The Bible begins with the creation story in which God creates the human race. This demonstrates that all people are made equal. This is made explicit in the New Testament book of Acts which says 'From one human being he created all the races on Earth and made them live throughout the whole Earth' (Acts 17:26). Later in the book of Genesis the Great Flood supposedly killed all the people except Noah and his family so that all the current nations of the earth descend from Noah's three sons, Ham, Shem and Japeth. To this extent, all people have an equal claim to come from God.
The Old Testament:
However, in the Old Testament first Abraham and later Moses and the rest of the Hebrews (the ancestors of the Jewish people) made a covenant with God and become the 'chosen people'. They promised to keep his laws and circumcise themselves and in return he would be their God and keep them safe. The story of the Hebrews and their relationship with God includes examples in which God helps them to conquer neighbouring peoples and seize their lands. The Hebrews were supposed to have descended from Noah's son Shem whilst the people they conquer descend from Ham.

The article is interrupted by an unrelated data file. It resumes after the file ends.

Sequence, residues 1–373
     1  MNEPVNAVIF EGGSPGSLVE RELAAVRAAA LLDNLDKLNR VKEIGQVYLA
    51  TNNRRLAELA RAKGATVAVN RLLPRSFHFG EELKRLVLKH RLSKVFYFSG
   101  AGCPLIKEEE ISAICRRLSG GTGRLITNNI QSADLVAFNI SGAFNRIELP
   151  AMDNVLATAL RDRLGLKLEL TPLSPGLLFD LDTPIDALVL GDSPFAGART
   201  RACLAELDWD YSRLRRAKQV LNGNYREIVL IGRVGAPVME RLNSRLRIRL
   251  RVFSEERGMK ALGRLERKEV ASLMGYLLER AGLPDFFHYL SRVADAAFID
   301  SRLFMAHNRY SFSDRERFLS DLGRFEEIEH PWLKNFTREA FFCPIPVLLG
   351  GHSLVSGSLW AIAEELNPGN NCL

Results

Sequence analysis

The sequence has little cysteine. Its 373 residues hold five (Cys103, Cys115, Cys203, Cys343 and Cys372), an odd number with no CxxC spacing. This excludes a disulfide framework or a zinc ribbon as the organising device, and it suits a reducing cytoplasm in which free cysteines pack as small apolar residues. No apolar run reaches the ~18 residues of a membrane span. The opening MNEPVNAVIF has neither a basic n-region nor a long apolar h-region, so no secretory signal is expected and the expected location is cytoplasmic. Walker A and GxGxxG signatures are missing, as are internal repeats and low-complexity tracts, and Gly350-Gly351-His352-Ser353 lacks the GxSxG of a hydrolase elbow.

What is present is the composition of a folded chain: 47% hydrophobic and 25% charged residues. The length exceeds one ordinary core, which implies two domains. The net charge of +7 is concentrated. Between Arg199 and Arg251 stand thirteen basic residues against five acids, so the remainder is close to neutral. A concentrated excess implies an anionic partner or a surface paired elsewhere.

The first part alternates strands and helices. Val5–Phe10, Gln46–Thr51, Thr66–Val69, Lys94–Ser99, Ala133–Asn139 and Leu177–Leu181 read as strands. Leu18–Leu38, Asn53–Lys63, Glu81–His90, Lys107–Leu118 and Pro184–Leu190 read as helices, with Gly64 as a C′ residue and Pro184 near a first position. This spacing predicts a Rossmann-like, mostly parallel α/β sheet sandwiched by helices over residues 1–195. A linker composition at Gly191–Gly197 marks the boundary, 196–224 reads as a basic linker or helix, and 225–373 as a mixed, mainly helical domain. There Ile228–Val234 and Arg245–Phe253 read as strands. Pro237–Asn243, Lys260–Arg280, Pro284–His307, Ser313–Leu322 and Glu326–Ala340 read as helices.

Despite this, the Old Testament book of Leviticus instructs 'Do not mistreat foreigners living in your land. The foreigner must be treated as one of your own. Love him as you love yourself, because you were once foreigners in the land of Egypt.' (Leviticus:19:33-34) and many of the Old Testament prophets spoke about the need for justice.
The New Testament:
In the New Testament Gospels Jesus' words and actions imply that all people should be treated equally. He himself healed the Roman centurion's servant, discussed theology with a Samaritan woman and told the parable of the Good Samaritan. (See notes on selfishness, greed, ignorance and sin for Good Samaritan story).